There are plenty of rumors and speculation with the NFL Draft a week away.
Reports about which teams have interest in which players are best taken with a grain of salt. The weeks leading up to the draft often arefilled with smokescreens in an attempts to fool other teams. It usually doesn’t work, but every year there are draft picks that makefans and draft analysts shake their heads.
Teams draft to fill needsbut should almost always simply select the best player available. The temptation is to reach for a guy to fill a positional need.
Listed below is the one mistake your team cannot afford to make in the 2017 NFL Draft.
1. Cleveland Browns: Select a quarterback first overall. Even if the Browns really love North Carolina’s Mitchell Trubisky, he could still be there when the Browns pick again at 12. Even if Trubisky is selected before then, like say No. 6 to the Jets, there is a very good chance Clemson’s Deshaun Watson or Texas Tech’s Patrick Mahomes will be available. Texas A&M defensive end Myles Garrett is the consensus No. 1 player in this draft class and has to be the choice at No. 1.
2. San Francisco 49ers: Trade the No. 2 pick. The Niners might be tempted to trade out to stockpile picks, but the roster last year was such a mess, they need an immediate impact player. Stanford defensive end Solomon Thomas would be a perfect fit in San Francisco’s new 4-3 defense. Passing on someone like him is something they’d regret down the road.
3. Chicago Bears: Get Alshon Jeffery’s replacement. This year’s draft class is as deep at receiver as any we’ve seen, but the Bears defense needs a serious upgrade, especially in the secondary. In a division that includes Aaron Rodgers and Matthew Stafford, that has to be the priority.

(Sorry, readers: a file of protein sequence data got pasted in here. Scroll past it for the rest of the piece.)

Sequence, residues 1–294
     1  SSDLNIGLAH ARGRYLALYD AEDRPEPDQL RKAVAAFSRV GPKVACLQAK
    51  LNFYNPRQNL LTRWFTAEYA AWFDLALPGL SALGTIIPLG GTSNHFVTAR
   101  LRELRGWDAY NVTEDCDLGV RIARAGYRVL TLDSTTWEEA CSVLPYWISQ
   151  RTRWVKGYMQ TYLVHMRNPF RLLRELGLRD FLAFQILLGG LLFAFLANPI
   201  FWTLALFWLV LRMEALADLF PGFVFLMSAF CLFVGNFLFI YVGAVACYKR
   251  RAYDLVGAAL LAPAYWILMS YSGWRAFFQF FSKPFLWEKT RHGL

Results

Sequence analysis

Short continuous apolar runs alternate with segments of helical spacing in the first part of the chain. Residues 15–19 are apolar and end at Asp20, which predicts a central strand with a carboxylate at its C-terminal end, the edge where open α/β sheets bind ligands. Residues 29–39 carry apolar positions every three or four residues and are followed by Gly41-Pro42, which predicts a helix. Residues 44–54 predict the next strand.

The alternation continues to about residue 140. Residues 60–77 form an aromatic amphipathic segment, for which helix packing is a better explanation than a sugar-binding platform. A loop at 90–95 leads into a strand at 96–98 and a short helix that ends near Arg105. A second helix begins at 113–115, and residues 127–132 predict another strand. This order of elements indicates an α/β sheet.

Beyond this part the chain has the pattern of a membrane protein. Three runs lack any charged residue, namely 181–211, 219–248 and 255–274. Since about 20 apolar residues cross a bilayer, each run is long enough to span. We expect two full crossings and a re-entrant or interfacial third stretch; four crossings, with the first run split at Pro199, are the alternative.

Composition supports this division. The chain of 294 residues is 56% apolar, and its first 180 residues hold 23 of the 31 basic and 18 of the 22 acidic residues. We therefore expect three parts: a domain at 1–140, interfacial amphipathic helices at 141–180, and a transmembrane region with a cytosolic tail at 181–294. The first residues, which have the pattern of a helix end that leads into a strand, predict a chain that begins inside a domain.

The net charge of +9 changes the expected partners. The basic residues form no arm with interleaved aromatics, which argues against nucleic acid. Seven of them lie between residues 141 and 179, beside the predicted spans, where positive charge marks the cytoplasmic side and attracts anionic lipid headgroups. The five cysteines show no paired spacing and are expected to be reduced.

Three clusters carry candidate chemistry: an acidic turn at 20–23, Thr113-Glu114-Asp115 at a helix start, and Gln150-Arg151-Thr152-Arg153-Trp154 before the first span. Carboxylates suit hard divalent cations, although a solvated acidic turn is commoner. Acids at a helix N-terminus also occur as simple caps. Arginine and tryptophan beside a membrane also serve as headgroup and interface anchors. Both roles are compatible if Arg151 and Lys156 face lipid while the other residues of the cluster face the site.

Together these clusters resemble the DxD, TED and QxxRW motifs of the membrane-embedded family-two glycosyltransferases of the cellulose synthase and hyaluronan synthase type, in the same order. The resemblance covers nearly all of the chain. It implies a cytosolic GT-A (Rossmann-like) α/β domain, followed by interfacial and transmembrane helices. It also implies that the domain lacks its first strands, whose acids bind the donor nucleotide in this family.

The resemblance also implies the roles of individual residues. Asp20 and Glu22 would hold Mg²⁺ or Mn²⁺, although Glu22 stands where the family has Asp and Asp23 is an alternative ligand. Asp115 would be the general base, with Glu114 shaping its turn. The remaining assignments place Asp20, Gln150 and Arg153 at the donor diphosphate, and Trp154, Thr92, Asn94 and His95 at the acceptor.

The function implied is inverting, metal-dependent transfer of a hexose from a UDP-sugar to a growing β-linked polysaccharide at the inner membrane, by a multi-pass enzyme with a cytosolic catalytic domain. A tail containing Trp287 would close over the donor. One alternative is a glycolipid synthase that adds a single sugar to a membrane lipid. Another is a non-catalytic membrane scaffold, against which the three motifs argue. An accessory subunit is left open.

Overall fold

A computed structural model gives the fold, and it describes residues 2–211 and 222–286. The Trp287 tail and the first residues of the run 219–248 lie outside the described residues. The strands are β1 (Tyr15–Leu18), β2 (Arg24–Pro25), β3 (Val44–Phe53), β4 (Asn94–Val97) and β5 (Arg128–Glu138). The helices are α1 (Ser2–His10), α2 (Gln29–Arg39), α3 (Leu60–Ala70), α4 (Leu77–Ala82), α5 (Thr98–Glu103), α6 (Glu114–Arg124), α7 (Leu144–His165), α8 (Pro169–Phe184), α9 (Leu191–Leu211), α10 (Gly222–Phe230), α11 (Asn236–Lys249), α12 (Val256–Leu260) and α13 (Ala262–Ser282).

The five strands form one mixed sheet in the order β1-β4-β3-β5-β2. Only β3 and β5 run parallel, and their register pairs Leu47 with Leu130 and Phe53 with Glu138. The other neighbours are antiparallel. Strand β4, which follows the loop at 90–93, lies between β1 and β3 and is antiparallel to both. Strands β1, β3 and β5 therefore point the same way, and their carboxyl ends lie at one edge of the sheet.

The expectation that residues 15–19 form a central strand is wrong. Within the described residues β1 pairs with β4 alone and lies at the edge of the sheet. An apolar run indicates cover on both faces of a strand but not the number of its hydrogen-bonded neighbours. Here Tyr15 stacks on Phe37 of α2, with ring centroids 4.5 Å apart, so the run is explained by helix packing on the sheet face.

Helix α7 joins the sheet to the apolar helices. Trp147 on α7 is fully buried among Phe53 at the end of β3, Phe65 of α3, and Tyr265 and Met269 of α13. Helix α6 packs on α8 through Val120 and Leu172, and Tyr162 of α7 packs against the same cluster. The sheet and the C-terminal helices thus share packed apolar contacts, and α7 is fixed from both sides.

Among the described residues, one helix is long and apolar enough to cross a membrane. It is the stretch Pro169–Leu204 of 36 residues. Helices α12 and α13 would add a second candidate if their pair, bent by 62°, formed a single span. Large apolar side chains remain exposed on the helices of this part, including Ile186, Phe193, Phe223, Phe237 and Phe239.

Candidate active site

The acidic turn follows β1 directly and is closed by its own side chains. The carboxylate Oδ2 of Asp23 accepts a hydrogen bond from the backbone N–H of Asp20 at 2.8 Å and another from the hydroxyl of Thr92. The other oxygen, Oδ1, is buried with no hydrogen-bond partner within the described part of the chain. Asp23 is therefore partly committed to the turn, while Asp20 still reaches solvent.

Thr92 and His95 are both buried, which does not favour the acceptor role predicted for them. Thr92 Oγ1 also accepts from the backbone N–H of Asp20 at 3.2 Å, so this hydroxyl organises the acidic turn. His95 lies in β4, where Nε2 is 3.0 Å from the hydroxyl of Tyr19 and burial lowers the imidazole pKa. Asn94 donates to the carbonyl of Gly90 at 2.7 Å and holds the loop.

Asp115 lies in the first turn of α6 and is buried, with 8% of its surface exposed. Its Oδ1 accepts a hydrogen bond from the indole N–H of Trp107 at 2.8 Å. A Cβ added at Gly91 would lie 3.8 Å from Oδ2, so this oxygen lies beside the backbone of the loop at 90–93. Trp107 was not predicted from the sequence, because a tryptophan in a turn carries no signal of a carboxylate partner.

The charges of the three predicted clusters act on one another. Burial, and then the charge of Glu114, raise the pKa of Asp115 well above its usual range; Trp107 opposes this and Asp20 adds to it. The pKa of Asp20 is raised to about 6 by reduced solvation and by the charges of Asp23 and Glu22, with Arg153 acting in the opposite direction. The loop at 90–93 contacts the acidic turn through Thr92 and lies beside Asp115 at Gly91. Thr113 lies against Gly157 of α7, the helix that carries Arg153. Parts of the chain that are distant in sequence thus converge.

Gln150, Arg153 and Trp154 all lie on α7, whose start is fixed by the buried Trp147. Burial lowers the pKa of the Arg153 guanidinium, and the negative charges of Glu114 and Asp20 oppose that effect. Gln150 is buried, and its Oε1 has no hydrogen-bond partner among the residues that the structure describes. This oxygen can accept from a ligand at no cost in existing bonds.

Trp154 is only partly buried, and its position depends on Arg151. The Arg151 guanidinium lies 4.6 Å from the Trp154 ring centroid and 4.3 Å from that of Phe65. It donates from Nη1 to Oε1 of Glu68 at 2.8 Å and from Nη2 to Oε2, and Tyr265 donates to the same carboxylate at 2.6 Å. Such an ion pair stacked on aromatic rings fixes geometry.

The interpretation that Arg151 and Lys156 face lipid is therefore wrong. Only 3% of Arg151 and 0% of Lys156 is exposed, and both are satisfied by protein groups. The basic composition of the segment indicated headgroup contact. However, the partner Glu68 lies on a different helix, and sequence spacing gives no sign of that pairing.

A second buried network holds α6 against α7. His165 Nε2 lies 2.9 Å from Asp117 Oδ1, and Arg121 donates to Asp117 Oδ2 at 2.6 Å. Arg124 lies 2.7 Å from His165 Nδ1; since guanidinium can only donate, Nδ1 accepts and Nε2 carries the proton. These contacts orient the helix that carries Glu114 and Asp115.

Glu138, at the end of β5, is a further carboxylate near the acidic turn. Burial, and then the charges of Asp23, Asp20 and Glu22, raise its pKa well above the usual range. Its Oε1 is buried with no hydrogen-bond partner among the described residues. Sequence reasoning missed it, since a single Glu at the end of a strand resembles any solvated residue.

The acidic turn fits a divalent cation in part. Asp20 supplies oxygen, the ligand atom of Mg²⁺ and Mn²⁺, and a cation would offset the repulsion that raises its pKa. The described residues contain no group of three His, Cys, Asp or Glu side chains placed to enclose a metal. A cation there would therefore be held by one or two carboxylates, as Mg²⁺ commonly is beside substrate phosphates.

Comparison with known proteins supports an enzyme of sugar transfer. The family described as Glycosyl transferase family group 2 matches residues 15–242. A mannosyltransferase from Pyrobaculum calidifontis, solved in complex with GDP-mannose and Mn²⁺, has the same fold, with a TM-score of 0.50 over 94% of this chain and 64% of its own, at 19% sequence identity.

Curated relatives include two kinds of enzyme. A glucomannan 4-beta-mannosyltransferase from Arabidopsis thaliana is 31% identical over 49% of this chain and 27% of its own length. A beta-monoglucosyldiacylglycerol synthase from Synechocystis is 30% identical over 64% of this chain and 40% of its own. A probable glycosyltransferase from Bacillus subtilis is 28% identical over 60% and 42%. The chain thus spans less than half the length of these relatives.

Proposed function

4. Jacksonville Jaguars: Pick a defensive player. There are several really good defensive players, especially on the line and at cornerback, but the Jags used their first five picks in last year’s draft on defense and went defense in the first round of the 2015 draft. Running back T.J. Yeldon has been slowed by injuries for two years and that’s an area the Jags should address with a player like LSU’s Leonard Fournette.
5. Los Angeles Rams: Trade into the first round. The Rams do not own a first-round pickbut shouldn'tgive up any of their few picks to get into the round. If they remain patient, they can take that best player available in the second round, where they'llpick 37th overall. There are around 50 players in this deep class with first-round grades, so the Rams could find a starter at receiver or on the offensive line.